what to pack

In my last column, I wrote of the inevitability of you landing in the strange place we call Hospitaland and the curious customs of its inhabitants. To prepare you for a potentially unexpected visit and to reduce the chance of a misadventure, I’ll review the essential things you should pack.

Without being anxious or fatalistic, we have to expect that anything can happen anytime. It helps us not to take health, life and loved ones for granted, but rather to appreciate what we have when we have it. We can also be prepared.

My parents ingrained in us good hygiene that included daily bathing and clean socks and underwear. I’m glad they didn’t give us the traditional rationale that “we should wear clean underwear every day in case we’re in an accident.”

That never made sense to me. If you were surprised by a bad accident, would you have the composure not to poop or pee in your pants?

Better advice would be, “Never miss an opportunity to use a toilet.”

And I suggest that you neither wear or pack your best Victoria Secret lingerie or Calvin Klein underwear. They are likely to be cut away with utility scissors for emergency procedures. The same goes for your favourite Superman or Sponge Bob undershirt.

If you’re planning to be admitted for an elective procedure, consider using a Sharpie felt pen on yourself to leave advanced directives when you are unconscious in the OR. “Not this leg, the other one.” “I’m here for my gall bladder not a hysterectomy (or a vasectomy).” “I signed up for a left hernia not a bilateral orchidectomy (castration).”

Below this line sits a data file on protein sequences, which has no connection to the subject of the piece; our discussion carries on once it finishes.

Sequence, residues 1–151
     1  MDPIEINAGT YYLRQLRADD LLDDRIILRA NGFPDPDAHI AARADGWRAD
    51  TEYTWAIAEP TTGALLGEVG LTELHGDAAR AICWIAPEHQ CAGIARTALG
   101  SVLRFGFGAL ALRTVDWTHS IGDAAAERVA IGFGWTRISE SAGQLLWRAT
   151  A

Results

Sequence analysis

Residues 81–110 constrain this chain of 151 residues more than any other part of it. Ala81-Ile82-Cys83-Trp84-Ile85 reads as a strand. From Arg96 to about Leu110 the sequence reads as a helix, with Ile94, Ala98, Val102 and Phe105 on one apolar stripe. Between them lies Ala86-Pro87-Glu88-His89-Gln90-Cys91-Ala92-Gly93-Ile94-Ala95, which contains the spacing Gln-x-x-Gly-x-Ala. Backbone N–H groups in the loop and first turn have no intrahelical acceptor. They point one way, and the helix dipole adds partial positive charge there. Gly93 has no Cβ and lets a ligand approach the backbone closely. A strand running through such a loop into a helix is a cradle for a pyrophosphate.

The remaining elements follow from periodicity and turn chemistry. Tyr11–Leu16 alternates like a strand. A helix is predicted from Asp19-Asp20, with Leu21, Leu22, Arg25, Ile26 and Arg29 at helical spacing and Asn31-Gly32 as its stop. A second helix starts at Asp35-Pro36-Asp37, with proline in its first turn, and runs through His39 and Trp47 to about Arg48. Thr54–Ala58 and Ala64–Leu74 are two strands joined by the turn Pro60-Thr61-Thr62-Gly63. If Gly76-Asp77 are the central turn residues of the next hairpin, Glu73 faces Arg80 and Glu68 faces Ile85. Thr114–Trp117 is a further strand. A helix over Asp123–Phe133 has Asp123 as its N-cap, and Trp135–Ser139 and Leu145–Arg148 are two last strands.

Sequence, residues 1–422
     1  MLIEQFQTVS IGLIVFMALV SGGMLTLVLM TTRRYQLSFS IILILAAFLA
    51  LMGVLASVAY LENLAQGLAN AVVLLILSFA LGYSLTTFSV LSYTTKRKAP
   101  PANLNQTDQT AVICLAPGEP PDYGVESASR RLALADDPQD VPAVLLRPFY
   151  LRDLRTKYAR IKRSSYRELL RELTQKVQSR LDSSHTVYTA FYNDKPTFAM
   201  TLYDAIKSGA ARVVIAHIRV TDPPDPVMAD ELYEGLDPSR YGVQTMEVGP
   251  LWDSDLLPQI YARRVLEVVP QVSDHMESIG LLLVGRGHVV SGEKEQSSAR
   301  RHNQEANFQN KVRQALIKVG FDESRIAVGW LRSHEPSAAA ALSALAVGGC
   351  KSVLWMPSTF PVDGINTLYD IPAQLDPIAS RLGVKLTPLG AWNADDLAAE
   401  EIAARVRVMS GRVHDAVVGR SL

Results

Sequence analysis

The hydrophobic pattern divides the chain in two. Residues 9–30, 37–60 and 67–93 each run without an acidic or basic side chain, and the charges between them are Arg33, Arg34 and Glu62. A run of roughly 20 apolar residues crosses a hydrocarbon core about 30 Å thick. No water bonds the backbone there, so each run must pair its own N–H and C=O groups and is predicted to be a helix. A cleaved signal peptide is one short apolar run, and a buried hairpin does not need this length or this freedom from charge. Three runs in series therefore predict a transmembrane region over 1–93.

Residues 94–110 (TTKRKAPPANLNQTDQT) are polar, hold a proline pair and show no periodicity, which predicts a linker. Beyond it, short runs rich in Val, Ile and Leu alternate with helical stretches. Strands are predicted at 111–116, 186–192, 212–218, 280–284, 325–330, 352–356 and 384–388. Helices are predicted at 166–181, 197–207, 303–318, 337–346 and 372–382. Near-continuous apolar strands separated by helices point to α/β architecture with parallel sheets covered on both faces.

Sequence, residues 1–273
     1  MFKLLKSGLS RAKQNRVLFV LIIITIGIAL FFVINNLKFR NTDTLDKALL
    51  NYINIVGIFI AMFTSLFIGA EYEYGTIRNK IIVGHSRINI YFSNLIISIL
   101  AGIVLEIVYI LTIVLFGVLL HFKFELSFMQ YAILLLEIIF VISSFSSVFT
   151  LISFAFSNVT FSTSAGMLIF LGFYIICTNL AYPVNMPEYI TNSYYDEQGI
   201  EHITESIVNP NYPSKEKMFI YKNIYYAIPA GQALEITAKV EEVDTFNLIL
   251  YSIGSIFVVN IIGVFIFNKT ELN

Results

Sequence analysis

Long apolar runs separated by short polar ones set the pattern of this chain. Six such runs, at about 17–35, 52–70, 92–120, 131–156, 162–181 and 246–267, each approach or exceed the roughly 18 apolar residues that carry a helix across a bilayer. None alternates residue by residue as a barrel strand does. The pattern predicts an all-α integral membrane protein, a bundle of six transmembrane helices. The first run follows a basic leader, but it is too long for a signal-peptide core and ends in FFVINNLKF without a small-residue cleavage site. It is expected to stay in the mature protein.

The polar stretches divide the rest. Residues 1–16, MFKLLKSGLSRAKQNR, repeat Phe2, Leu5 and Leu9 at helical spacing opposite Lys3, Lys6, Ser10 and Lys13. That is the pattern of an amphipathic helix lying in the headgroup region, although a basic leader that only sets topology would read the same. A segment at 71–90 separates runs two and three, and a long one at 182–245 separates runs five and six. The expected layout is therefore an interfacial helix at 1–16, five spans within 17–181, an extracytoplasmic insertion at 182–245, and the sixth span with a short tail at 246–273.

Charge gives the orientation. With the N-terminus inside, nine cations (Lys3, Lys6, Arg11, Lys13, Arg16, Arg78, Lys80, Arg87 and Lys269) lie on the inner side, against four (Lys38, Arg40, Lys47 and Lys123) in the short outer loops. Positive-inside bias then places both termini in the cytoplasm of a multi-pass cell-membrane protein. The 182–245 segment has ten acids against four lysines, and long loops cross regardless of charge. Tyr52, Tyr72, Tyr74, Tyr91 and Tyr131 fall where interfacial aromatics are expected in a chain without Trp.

Your “travel documents” are essential. I don’t mean your passport and boarding pass but rather the essential information that another doctor will need to give you the best care. This includes a one-page summary of your medical history, including allergies, previous operations and hospitalizations, family history, and both chronic and past illnesses.

If you don’t have this information at your fingertips, you’re family doctor will be able to provide this to you. Look into this now, rather than waiting until you urgently need it.

You should also carry a complete list of any medication you are taking, including nonprescription vitamins or drugs. This should include a prescription drug’s brand name and generic (or chemical) name, dosage (i.e. in mg) and directions (i.e. twice daily).

Another essential document is an advanced medical directive, that some call a living will. This states what you would or would not like done to your body should you not be able to make medical decisions at the time. For example, if you had a stroke and couldn’t speak, would you want to have CPR (chest compressions and assisted breathing)? Would you want IV fluids? Tube feeding if you couldn’t swallow? Machines to assist breathing? Blood tranfusions?